A study of greatness in men
What goes into the making of a great man?--Napoleon: a prodigy, without greatness.--Cromwell: imperfect in greatness.--Washington: impressive in greatness.--Lincoln: simplest in greatness
From the introduction:
There is no other writer who charms and irritates, stimulates and disappoints me so often and so equally as Carlyle, in what he has written personally of "Heroman".
Nobody has ever glorified the human spirit by loftier conceptions of God-likeness in it than his. He held with Saint Chrysostom, that " the true Shekinah, or visible revelation of God, is Man." He felt as Novalis expressed his feeling, that " there is but one Temple in the Universe, and that is the body of man." " We," he exclaimed, " are the miracle of miracles — the great inscrutable mystery of God." An overpowering, awe-stricken recognition of sacredness in the Being of Man is manifest in all his contemplation of it, whenever he can abstract the thought; and it was this very sublimity of his conception of Man, as God would have him to be, and as God empowered him to be, that kindled the ceaseless wrath and scorn which flamed out of Carlyle against all defacements and debasements of the sanctified ideal in his mind.
There is something overpowering in the fierceness of his contempt for the falsities, the meannesses, the quackeries, the fripperies, the veneerings, the mammon-worshipings, the servilities and cowardices that honeycomb so much of human character and make so much of human life a sham. In all literature I find no other such tonic for honesty, for sincerity, for simple downrightness and uprightness of doing, thinking, feeling, and being.
There is a wonderful eloquence in the very epithets and expletives into which he packs his anger and his scorn. In all this Carlyle is great, — unapproachable, — the mighty prophet of a religion of sincerity which needs, almost more than any other, to be preached in the world. In this, he gives me nothing but wholesome stimulation and delight.
The things that discontent me in his writings are these two : first, a looseness of definition in his mind for the very qualities in human character that are at bottom of his ideals; which leads, secondarily, to much serious inconsistency in his estimates of individual men. In other words, I cannot reconcile his normal conception of a man with many of the historic characters that he chooses for the exemplification of it, because he seems to entertain a most undefined notion of some qualities that are fundamental in his conception, and to ascribe those qualities upon grounds which I am not able to understand. In his lectures on "Hero -Worship," — which signified, in his use of the expression, a transcendent admiration and deference due to great men from their fellows, —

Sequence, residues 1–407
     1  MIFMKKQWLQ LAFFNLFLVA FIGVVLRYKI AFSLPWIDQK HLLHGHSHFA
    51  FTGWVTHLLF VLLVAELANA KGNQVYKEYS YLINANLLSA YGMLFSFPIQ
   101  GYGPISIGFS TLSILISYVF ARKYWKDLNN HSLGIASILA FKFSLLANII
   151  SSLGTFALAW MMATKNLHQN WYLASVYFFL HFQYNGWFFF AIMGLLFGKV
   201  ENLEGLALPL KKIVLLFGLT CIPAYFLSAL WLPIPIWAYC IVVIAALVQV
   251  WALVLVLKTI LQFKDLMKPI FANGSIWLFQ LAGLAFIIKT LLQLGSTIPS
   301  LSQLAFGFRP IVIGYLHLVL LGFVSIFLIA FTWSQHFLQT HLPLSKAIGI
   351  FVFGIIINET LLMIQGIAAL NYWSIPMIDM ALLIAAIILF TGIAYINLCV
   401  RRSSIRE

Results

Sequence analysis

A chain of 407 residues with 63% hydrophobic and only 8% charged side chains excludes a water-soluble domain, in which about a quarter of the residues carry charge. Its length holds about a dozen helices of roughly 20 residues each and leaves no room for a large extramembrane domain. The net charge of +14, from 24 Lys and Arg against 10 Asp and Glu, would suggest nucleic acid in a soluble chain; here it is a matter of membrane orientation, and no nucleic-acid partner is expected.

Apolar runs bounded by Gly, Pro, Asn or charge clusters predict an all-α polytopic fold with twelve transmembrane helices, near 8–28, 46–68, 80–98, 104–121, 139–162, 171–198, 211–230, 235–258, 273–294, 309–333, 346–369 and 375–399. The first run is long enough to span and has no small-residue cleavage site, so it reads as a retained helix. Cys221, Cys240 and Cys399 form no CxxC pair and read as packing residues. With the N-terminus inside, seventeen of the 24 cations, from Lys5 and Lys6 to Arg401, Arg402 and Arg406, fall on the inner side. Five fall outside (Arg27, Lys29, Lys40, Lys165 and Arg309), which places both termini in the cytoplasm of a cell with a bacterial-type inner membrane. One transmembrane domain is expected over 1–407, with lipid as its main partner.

Carlyle says, again and again, that " sincerity, a deep, great, genuine sincerity, is the first characteristic of all men in any way heroic "; that "hero" is to be "taken to mean genuine"; that "^it is incredible " a great man " should have been other than true." " All the great men I ever heard of," he declares, " have this [sincerity] as the primary material of them."
Now that, if we understand it correctly, is a very great truth; a truth of transcendent im- portance and vitality; and Carlyle did im- measurable service to the world in proclaiming it, from the beginning to the end of his life, with iteration and reiteration, and with all the power of the great eloquence at his command. But the ideas attached to those almost synonymous words sincerity and genuineness are not ideas that stand well alone in our minds.
They are connected necessarily with ideas of something behind them, to which they refer. If we think of a man as being sin- cere, we are thinking of something in his motives of action which we recognize as being in reality what it appears or is professed to be 5 and our valuation of his sincerity, informing our general judgment and estimate of the man, must depend on our valuation of that which we find him to be sincere in.
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